Set batsman needs to bat long under new rules - Rohit
Rohit Sharma has now converted four of his nine hundreds into scores of 150 or more. Only Sachin Tendulkar has more 150s in the history of ODI cricket. The god of big innings, though, feels setting oneself up to bat deep into the innings is going to become more and more important with the new changes in the field restrictions. After the World Cup, the batting Powerplay has been done away with, and the fielding team allowed five fielders outside the 30-yard circle for the last 10 overs. It has, according to Rohit, put the onus on the set batsman to bat through because it is not as easy for the incoming batsman to hit at will.
"I think it's very important [to bat long] now that the rules have changed," Rohit said after his 171 not out in Perth went in vain. "There are only four fielders inside the circle in the last 10 overs. So a set batsman is batting in the middle, it is easier for him than the new batsmen to come and play his shots. So it is very important for the batsman who is set and batting well to carry on as long as possible because that is how you can stretch your target and get to a competitive score.
"That's how I have looked at it always and it is a good opportunity to get past 100 and you challenge yourself, what else you can do after that. So for me after getting a hundred I start another innings, which is starting from zero and scoring another hundred and that's how I look at it. As a batting group our aim has always been one batsman batting through as long as possible so being a top-order batsman it is my responsibility to bat as long as possible and get the team to a good score and a competitive score, and that's how I look at it."
That India's lower middle order has not been contributing heftily of late has forced Rohit's hand too, to some extent. In the Perth ODI, for example, there was a case for pushing on harder after he and Virat Kohli had got a big partnership going. The four overs immediately after the 40th brought India only 26 runs although they managed to score 93 off the last 10 as a whole. Rohit said the inexperience in the middle meant the top order had to take extra responsibility. The team instructions, too, have been similar.
"To be honest when you bat first you actually don't know what is a defendable score," Rohit said when asked if his and Kohli's strike rate was good enough. "You get 340, and again it is not a safe score anymore. When we were batting in the middle the idea was to capitalise and bat as long as possible. Because considering we have got a couple of newcomers in the middle order. So the top three batsmen - myself, Virat and Shikhar [Dhawan] - it is a big responsibility on the three of us to bat as long as possible.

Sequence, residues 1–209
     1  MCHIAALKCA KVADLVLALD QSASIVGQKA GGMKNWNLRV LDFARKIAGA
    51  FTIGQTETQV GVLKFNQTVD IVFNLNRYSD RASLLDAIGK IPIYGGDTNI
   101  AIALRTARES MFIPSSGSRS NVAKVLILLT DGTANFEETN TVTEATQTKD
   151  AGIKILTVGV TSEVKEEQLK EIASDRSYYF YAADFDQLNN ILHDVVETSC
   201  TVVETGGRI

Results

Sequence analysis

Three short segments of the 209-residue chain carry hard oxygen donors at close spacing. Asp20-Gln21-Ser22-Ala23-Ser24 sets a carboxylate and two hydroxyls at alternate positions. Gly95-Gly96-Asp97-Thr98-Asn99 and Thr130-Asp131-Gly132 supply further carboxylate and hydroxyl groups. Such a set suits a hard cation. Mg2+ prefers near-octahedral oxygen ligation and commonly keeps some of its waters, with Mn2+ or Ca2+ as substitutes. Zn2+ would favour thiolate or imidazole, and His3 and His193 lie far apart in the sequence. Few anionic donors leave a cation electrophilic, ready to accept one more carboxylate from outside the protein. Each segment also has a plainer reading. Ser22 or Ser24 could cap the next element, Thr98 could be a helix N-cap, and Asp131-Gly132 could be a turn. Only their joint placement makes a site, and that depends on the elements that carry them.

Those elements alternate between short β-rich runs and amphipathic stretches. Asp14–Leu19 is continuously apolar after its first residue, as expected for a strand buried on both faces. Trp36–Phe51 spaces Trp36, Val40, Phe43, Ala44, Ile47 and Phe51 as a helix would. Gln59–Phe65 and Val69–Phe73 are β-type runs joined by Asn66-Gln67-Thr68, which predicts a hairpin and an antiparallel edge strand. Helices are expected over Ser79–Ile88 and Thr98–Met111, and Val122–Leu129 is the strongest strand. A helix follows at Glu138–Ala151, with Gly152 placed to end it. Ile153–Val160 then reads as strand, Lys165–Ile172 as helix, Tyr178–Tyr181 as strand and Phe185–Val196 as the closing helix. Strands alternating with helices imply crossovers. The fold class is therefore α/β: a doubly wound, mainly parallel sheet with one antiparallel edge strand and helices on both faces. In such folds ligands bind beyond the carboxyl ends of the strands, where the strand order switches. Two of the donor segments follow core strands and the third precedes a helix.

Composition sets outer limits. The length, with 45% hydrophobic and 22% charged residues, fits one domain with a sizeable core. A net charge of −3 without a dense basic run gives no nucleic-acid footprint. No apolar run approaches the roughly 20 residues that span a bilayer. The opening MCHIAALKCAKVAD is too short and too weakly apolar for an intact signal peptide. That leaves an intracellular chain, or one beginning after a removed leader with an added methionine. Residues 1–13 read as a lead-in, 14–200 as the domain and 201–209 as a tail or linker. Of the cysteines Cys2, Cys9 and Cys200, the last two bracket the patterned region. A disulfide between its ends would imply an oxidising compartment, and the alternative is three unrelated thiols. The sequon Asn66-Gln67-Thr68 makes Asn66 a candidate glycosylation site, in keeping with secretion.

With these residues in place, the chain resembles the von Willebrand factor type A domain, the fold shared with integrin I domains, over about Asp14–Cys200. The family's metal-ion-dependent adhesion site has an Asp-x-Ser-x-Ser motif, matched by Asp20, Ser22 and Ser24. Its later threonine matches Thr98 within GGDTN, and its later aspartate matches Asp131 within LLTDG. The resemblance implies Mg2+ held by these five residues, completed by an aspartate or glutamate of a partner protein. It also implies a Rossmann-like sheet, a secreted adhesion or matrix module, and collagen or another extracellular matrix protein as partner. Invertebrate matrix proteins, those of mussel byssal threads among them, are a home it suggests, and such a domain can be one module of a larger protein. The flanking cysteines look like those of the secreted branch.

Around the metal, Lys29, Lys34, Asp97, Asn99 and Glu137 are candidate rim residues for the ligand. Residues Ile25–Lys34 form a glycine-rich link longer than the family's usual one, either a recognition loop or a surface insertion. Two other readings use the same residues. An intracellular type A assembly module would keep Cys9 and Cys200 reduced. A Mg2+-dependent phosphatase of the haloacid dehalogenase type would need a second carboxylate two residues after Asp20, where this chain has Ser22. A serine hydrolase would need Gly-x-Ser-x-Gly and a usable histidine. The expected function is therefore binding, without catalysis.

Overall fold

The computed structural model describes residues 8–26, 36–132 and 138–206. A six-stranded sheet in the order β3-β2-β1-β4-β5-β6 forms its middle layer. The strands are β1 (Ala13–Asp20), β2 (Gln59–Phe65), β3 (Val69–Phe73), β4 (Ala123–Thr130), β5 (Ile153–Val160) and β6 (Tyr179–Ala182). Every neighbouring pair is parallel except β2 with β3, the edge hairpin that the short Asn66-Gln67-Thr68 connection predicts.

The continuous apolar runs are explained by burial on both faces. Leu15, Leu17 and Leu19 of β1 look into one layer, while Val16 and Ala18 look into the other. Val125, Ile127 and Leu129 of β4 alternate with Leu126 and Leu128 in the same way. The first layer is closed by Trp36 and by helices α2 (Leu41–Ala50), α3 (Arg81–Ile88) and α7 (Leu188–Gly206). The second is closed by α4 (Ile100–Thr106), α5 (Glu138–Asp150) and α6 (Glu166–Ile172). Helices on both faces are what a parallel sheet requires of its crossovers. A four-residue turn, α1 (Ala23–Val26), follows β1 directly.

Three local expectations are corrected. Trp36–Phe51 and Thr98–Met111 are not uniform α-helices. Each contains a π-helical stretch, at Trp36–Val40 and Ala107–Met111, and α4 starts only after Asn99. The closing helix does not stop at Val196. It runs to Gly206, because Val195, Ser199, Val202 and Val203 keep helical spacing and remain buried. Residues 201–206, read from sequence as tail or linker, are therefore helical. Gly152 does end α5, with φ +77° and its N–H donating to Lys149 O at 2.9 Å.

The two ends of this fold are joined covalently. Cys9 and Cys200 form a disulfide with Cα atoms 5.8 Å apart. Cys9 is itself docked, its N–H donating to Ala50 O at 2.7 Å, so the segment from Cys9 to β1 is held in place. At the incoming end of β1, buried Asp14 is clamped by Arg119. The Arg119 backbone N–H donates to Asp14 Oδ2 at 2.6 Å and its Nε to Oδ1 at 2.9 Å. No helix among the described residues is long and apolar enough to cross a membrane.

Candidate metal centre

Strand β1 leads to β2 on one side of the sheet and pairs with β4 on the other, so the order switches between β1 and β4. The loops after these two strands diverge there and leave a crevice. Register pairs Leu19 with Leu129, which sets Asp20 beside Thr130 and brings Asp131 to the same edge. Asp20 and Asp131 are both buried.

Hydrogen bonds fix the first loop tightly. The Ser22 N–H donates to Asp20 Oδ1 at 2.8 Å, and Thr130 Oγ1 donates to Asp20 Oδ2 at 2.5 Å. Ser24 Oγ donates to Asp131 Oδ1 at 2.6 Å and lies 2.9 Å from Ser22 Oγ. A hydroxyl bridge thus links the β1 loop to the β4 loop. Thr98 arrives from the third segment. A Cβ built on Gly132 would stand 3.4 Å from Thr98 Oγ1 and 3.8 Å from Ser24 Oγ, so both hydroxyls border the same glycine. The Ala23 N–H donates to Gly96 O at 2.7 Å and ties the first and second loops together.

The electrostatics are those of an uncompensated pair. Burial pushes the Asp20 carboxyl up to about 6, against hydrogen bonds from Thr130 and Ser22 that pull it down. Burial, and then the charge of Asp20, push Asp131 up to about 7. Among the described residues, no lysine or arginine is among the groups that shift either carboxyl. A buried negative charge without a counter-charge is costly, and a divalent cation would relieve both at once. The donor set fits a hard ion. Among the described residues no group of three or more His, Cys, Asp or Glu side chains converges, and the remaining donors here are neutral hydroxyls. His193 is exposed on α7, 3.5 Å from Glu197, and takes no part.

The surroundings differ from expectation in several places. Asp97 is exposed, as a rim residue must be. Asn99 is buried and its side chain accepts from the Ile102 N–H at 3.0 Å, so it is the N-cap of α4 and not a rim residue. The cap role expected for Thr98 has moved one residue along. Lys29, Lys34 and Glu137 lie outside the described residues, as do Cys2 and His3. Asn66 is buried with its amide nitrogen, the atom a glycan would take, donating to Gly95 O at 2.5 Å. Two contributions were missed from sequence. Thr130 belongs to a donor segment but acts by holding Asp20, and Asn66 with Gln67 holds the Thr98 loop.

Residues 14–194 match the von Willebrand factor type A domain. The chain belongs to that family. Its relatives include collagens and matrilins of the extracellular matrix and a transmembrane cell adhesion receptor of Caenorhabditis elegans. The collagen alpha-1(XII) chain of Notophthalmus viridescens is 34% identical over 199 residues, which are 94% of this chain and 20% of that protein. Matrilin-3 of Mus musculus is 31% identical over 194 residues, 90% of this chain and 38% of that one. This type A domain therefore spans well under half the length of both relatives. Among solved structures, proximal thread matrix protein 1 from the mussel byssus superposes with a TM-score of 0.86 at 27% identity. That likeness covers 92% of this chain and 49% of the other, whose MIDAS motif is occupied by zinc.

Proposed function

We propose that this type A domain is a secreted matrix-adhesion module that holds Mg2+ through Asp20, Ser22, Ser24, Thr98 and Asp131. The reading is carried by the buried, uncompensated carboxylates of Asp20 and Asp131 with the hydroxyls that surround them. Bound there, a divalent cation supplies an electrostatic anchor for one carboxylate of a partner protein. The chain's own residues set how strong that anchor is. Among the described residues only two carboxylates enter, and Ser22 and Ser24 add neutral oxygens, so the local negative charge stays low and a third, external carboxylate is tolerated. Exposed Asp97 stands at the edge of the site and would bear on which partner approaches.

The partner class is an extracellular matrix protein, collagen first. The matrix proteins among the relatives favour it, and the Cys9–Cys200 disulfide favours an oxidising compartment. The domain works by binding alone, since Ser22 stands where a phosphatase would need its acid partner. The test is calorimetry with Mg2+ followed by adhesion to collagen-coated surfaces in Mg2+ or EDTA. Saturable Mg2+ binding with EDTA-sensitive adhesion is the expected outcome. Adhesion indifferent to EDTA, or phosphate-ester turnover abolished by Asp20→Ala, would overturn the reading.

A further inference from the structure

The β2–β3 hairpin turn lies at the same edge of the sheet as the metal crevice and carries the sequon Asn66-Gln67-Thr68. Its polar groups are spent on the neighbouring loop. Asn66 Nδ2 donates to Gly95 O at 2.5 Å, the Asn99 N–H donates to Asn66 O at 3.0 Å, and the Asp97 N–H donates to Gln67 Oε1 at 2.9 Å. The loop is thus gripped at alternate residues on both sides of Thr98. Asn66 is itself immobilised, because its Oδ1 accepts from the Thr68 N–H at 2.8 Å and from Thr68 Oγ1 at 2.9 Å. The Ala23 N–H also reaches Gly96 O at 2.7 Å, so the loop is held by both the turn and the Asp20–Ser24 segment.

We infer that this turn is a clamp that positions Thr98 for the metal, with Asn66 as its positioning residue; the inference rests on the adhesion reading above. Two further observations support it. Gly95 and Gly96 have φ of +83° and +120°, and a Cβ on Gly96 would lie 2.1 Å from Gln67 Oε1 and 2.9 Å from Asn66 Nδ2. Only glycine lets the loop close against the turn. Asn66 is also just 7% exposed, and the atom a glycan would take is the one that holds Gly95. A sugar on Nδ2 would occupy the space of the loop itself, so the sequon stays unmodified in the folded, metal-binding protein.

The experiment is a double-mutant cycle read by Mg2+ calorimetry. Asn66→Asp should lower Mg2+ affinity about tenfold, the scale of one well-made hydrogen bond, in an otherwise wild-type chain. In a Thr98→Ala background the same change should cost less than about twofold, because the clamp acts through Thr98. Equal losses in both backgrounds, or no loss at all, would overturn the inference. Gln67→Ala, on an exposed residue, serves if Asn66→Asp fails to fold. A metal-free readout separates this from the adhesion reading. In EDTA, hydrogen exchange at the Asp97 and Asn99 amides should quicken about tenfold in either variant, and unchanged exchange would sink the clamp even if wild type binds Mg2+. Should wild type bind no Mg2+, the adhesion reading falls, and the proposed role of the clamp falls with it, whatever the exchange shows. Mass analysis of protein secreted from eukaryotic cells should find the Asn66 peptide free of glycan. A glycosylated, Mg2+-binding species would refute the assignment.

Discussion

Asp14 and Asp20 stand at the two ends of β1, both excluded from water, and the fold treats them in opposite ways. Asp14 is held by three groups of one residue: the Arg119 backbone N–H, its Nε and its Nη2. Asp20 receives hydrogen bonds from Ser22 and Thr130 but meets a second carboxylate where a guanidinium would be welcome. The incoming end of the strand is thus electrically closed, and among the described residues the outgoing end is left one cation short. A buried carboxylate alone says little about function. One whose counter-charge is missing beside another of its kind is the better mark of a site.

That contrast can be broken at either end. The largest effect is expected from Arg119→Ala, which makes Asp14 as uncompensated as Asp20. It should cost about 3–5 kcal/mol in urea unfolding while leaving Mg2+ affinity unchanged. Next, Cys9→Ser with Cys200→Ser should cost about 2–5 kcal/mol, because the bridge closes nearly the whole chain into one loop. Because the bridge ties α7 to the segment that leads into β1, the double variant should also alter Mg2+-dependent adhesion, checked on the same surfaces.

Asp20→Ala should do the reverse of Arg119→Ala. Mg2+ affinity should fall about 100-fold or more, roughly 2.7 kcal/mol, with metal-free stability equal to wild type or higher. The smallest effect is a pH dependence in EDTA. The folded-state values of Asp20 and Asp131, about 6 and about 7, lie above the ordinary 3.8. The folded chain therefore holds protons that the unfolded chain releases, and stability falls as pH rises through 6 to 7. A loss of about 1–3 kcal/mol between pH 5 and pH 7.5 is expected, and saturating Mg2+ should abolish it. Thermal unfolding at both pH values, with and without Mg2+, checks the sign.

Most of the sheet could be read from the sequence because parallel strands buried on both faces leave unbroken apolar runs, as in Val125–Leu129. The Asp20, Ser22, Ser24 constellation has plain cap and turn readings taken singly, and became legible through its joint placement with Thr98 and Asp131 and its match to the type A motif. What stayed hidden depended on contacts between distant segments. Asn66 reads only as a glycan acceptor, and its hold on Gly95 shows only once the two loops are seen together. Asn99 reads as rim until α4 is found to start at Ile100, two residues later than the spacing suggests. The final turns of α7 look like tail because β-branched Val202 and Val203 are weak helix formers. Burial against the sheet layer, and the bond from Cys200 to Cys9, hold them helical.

"When we bat we know that we are not too worried about the strike rate because we always know that we could cover in the end, and that's exactly what happened. In the last 10 overs we scored about 90-95 runs. So I think 309 was a pretty good score on that track, but the Aussies batted really well to get that score, and if you don't take wickets in the middle it is always going to be difficult especially here in Australia."
Rohit emphasised the ability to take those middle-overs wickets, which India manage to do on slower and turning pitches. After MS Dhoni after the first match, Rohit's words too put the focus back on R Ashwin and Ravindra Jadeja, who looked ineffective and conceded both singles and boundaries regularly in the middle overs.
"Our morale is very good because we played very good cricket, and we know that," Rohit said. "Only thing is we need to learn how to take wickets in the middle. How to build the pressure in the middle overs, that is something we need to be aware of. Whoever is bowling in the middle, spinners or fast bowlers, just need to make it a habit of making breakthrough in the middle because it is very important. If wickets fall in the middle then it affects the momentum of the opposition team. That is what we need to do this game because we batted well, we bowled well with the new ball, but were halted in the middle because we didn't take wickets in the middle. That is what we have to learn."
Looking at such a high chase achieved with ease, former India captain Sunil Gavaskar wrote in a column that the white ball has left bowlers on a hiding to nothing. Gavaskar asked for the use of pink ball in ODIs, but Rohit respectfully disagreed, saying batting against the white ball was not as easy as it seemed.
"I am not too sure because it doesn't really matter what I say here," Rohit said about Gavaskar's comments. "Nothing is going to change, but I don't agree that white ball doesn't do anything. If you play in tough conditions it is a nightmare for the batsmen. When you play with two new balls, when the conditions are against the batsmen, and when it is overcast, the ball tends to swing a lot and there is seam movement as well. So that's how I look at it and that is my personal opinion on that."
Sidharth Monga is an assistant editor at ESPNcricinfo